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Maybe the design of the REPL interface can help to make interactive Fortran standard conforming yet comfortable to use. As far as I see it, one needs three tabs:

  1. declarations (including use of modules)
  2. the actual main program
  3. definition of functions (everything after contains)

The actual main program (2) would be the real REPL while (1) and (3) are more like an IDE. I actually use python (Ipython + a text editor) like that. I can imagine that it gives a very convenient workflow. Exporting to a valid source is also trivial, just concatenate the tabs. Some logic could even be used to remove unused statements in 2).

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@MarDie thanks for the comment. In the context of my comment Syntax of interactive Fortran - #13 by certik, what you proposed is the level 1 interactive Fortran, i.e. just a regular Fortran. You can use any Fortran compiler to work like that. One can even write a Jupyter kernel to make it work within Jupyter. The “interactivity” then means you have to rerun the cell with main program, the kernel would concatenate all the cells and run it through a Fortran compiler and run the binary and report results back.

However, it is not interactive in the sense of the word as I understand it, because the program runs “non-interactively”, i.e. you cannot access a variable from a running program and inspect it by printing it, or call some function from your program on that variable and then decide (as a person) what else to run from your program based on what gets printed (=interactivity). You can only modify things and then run them from start to finish. I don’t think there is a way to make it interactive at the Level 1, because the only way you can execute is to run the main program. To make it interactive, you need to be able to execute individual statements, which is Level 2 in my above comment.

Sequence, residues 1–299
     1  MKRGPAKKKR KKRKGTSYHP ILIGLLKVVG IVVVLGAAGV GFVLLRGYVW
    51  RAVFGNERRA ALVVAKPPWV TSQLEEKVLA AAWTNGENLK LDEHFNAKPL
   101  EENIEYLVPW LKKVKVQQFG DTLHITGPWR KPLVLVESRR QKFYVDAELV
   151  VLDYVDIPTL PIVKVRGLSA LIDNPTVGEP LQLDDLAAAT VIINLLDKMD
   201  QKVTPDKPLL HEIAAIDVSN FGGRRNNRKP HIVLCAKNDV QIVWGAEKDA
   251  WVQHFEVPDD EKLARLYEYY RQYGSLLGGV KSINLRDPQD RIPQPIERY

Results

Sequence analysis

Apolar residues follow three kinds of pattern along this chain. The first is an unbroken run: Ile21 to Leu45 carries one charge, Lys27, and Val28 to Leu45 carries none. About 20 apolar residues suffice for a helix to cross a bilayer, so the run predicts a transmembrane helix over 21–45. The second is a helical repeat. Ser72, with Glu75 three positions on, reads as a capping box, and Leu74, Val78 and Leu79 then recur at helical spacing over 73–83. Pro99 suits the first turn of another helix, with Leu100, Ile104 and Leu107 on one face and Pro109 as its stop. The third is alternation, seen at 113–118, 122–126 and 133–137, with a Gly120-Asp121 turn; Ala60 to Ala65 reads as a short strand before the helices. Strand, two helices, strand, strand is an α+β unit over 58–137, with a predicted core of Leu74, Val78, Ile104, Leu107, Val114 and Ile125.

I meant it a little bit differently. The main program (tab 2) runs interactively. Every statement (or series of statements in a cell) is executed immediately. This is similar to the python or julia REPL. The difference is in handling use statements + variable definitions (in normal Fortran at the top) and function/subroutine definitions (in normal Fortran at the bottom). These definitions reside in extra tabs to comply with the rigid Fortran layout.
Technically, this is equivalent to level 2 or 3, the user just has to switch tabs instead of typing everything into a single series of cells.
Re-running the whole main program is required if the type of a variable or function changes. That is a consequence of static and strong typing.

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In an interactive LFortran session, the user may create several double precision arrays of 1 or 2 (and sometimes higher) dimensions. There are many functions in Julia, Matlab, Octave, or Python with NumPy, TensorFlow, PyTorch that you may want to call with such array arguments, and ideally you could map Fortran arrays to arrays in those languages. It would be nice if you could type something like

!%R cor(x)

to call R cor and have the array x(:,:) from the LFortran passed to R, which computes and prints the correlation matrix of the columns of x, with similar functionality for other languages that have been installed. A deeper level of interoperation where you pass Fortran arguments to R and get back a Fortran derived type with the stored results of the R function needs to be done manually, but maybe shallow interoperation where the results of the function called in the “foreign” language are just printed is possible.

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Yes, that is planned. Here are the corresponding issues:

Applied to your example, it would be:

use, external(R) :: stats, only: cor
print *, cor(x)

This is all valid Fortran syntax, and the external part would be LFortran extension. LFortran would know from the way you call cor(x) what the exact function signature must be and from the use statement which language and which module it is in, and call R appropriately. (I updated this example code based on the comment below that cor is in the stats package.)


Cor is in the R stats package, but that is one of the few packages that always ships with base R – the user does not need to install it separately. It will be great if one can seamlessly call other languages from LFortran. In some cases one would be calling Fortran codes wrapped by R, Python or Octave, which is a bit inefficient, but other projects you and others are working on, such as stdlib or minpack, address the modernization of FORTRAN codes so that you can easily call them from Fortran.